I have long been a fan of the roguelike genre, though I can’t claim to be a gifted player.
I was intrigued by Battlestation: Harbinger from the moment I saw it, and it didn’t disappoint me. The threadbare story thrust me into the position of a young captain charged with thwarting the enemies of humanity occupying a procedurally generated star system. My commander granted me a miniscule stipend to outfit my ship with whatever I could find. Obviously, I died in abject failure. I experienced the brutal difficulty I have come to expect from roguelikes; even on the easiest difficulty I found ships that could crush me routinely. I discovered that often the best strategy was fleeing to hide behind friendly human space stations that were always willing to provide repairs and covering fire for free. Though I lost points for running back to mother whenever the bullies were mean to me, I don’t regret it; after all, discretion is the better part of valor. This mantra was especially true during my earliest runs with the Nightingale, a fine vessel made primarily of tissue paper and rubber bands, which the enemy happily pursued to the edge of the galaxy.
The Nightingale was perfectly serviceable, but it suffered from the inability to upgrade its hull. Force fields can be improved in several ways, but the ship can’t be reinforced beyond its starting point through any means I could find. The small health pool provided by my hull doomed any battle in which I was outnumbered to failure, as shields are bypassed by missiles quite quickly. Even when successful, I underwent repairs after every battle.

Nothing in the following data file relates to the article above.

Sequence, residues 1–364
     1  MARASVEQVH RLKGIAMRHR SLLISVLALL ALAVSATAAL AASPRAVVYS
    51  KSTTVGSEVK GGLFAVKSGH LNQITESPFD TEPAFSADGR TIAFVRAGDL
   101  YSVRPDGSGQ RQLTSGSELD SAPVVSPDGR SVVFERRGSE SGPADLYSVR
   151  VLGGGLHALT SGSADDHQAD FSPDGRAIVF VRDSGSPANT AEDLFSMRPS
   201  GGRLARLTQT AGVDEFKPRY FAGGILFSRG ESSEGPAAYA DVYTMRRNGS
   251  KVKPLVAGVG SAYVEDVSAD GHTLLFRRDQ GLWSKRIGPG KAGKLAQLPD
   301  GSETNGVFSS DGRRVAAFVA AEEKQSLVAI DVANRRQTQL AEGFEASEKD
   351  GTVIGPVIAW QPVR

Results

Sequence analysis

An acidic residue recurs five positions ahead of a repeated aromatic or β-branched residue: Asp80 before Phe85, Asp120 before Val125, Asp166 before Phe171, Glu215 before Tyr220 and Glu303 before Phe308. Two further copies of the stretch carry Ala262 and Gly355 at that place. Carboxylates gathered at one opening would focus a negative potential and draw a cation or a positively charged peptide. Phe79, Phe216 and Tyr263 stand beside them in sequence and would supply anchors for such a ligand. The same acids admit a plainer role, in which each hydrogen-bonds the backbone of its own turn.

Each ship I unlocked had a slightly different layout with different equipment slots which determined the number of main guns, point defense weapons, and drones. By default, the ship was totally unarmed, which I tried to remedy as quickly as I could. My ship could build human designed weapons out of nothing but the in-universe currency, but the starting cash was insufficient to fully equip myself, even with the most mediocre gear. Additionally, Human weaponry was usually unimpressive compared to the alien tech that I found floating in space or bought off of space stations. Instead of kitting myself out I tended to buy one good gun and trust in the winds of fate to equip me. Praise RNGesus.
As my journey continued I received a large number of missions from various space stations and ships.
I was paid mostly with the universal currency of the galaxy: random space debris. Other rewards included the temporary service of a mercenary ship and pieces of above average loot. The mercenaries were the most valuable prize, as they were usually about as powerful as my flagship and free of their normal exorbitant fee. Even better, they could explode in a terrible blast of fire and death without any negative consequences, except the loss of hundreds of digital human lives. The mercenaries were also better than a freshly built ship as they came fully armed and didn’t fill one of my three ship slots. Conversely, the ships I could build to fill those slots came completely unarmed despite their hefty price tag. I tended to use my scrap to beef up my main ship, only building escorts when I had nothing else to spend space debris on.